Ann Ainardi Sobrato was born in 1915 in Black Diamond, a small coal-mining town of European immigrants near Puget Sound, Washington. When Ann was only three her mother died of tuberculosis, and Ann’s father brought the family back to Torino, Italy.
John Massimo Sobrato of Suza, Italy enlisted in his teens in the American army during World War I. Wounded in action, John was decorated with a Purple Heart, and became a cook for the general staff. The officers recognized his talents and encouraged him to immigrate to America after the war. He settled in San Francisco and worked his way up in the restaurant business, eventually opening his own establishment during the Prohibition Era in North Beach. Though he moved locations several times, loyal patrons always sought out John’s Rendezvous.
Famed for its fine food the restaurant grew, and John purchased a building at 50 Osgood Place—eventually expanding John’s Rendezvous to half a city block. It drew thousands of patrons for more than 20 years and was considered the largest and finest restaurant in San Francisco during the 1940s. (See images in Historical Timeline.) Once successful in San Francisco, 39-year-old John traveled back to his hometown to find a wife. He met and married 21-year-old Ann Sobrato, returned to the City, and purchased a home in San Francisco’s Marina district. Arriving without a sentence of English or any formal education, Ann studied at Healds College.
Ann and John welcomed their son John Albert in 1939. During World War II, food shortages prompted them to buy a 5-acre estate in Atherton, where they could raise poultry and produce to supply the restaurant. When John passed in 1952, Ann sold the restaurant for $75,000. She reinvested some of the proceeds in property on the Peninsula, parlayed those profits into other holdings, and became the first female real estate developer in the region. Ann worked incessantly—developing keen negotiation and deal making skills, cultivating relationships, taking calculated risks, and guiding her son into what was now the family business. She gained renown as the “Mother of Silicon Valley”—one of the most successful developers in what has become the leading technology region in the world.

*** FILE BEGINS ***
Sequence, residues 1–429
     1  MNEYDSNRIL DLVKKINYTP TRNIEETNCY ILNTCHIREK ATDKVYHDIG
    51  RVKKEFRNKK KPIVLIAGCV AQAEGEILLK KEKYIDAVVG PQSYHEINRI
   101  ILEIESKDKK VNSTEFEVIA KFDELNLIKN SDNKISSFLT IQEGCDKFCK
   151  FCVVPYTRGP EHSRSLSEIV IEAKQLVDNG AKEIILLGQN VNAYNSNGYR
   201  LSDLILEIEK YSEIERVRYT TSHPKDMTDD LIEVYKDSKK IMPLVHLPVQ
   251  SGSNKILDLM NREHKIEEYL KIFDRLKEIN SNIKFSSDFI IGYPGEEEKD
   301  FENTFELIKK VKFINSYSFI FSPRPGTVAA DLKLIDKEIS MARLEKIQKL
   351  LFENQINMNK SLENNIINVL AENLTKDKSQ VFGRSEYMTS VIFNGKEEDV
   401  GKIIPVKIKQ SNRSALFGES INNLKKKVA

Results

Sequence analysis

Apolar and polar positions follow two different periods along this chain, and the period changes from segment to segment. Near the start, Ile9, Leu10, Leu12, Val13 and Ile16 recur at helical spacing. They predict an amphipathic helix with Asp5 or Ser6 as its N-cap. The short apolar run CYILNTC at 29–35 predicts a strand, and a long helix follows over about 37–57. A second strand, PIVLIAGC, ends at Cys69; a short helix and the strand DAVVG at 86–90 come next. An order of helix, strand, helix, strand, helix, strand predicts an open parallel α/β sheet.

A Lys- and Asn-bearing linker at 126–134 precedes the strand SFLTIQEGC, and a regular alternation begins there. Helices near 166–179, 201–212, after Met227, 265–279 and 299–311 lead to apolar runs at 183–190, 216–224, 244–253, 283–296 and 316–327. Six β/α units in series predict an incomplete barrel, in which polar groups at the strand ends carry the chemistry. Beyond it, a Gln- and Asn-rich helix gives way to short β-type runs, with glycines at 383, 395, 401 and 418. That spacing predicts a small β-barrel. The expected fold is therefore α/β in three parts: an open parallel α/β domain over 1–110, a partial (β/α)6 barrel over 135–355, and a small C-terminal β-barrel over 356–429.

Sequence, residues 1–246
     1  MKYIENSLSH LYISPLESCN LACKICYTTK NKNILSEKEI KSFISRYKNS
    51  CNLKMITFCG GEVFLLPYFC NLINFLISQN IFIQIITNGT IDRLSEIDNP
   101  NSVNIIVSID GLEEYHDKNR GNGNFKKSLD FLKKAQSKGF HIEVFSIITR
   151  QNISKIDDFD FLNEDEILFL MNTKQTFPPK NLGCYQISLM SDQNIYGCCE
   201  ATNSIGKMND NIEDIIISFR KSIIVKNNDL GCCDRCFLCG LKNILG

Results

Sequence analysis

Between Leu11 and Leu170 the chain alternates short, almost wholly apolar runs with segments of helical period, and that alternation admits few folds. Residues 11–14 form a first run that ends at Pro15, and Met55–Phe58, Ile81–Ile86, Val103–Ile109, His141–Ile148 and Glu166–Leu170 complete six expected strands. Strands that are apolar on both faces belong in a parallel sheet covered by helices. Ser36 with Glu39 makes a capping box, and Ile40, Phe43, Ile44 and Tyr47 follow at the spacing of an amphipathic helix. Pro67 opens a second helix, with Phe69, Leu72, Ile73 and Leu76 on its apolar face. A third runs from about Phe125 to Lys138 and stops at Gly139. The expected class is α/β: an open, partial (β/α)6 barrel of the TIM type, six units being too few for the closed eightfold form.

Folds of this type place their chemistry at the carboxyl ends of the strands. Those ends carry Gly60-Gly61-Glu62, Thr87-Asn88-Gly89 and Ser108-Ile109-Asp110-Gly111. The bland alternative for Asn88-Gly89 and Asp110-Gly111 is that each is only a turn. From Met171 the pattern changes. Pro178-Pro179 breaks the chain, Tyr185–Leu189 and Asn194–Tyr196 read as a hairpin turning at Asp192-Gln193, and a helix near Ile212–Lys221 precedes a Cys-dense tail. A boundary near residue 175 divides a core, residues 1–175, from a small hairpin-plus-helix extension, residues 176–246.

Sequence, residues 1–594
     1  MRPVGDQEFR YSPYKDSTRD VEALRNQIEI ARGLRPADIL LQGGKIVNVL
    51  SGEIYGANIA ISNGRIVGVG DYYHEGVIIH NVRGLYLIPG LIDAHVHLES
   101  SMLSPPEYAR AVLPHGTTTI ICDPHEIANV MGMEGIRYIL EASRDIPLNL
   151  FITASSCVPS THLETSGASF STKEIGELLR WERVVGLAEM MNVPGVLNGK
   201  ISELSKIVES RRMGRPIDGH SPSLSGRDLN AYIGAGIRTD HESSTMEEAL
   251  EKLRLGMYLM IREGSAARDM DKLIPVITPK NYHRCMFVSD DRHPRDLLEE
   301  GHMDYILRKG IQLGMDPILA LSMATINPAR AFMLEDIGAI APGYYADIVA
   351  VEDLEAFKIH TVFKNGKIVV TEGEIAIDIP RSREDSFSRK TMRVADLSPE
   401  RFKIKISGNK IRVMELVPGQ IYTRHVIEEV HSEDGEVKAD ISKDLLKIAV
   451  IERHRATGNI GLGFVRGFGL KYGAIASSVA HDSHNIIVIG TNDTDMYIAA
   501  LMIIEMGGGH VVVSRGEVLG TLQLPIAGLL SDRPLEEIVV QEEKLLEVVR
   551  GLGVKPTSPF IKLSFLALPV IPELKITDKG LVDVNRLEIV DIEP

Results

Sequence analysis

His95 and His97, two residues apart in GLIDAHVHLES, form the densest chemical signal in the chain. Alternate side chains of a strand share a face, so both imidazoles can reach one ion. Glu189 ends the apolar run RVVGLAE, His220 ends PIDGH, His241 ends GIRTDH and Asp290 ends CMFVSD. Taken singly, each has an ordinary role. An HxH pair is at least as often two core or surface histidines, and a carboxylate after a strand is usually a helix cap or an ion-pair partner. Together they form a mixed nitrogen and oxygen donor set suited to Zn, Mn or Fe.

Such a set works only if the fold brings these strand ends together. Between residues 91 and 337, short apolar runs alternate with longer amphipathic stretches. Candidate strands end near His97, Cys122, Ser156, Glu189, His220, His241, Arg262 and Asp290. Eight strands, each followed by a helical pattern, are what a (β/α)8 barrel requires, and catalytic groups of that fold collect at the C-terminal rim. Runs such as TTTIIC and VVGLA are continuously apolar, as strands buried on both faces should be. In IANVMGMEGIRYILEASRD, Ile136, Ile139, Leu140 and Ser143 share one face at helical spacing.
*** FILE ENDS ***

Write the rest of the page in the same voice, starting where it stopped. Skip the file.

When Ann’s son John took over the business in the early 1960s, Ann devoted herself to voluntarism, dedicating thousands of hours as a “pink lady” at Stanford and at the Menlo Park Veterans hospitals. She also served weekly at St Anthony’s soup kitchen in the low income Fair Oaks neighborhood in Redwood City. In 1998, Ann endowed more than half a million dollars to the Lucile Packard Children’s Hospital at Stanford for their children’s play area and a Families in Need fund—assisting loved ones of uninsured patients to pay for lodging and transportation expenses while their children receive care. And she provided tremendous support to another favorite charity: the Boys’ and Girls’ Towns of Italy, which provide safe, home-like environments, education and vocational training to orphaned children in Italy. Ann’s wealth continues to make a difference after her death—the Sobrato Family Foundation endowment includes Ann’s entire estate, enabling millions of dollars of grant making to nonprofits throughout the region she loved so dearly.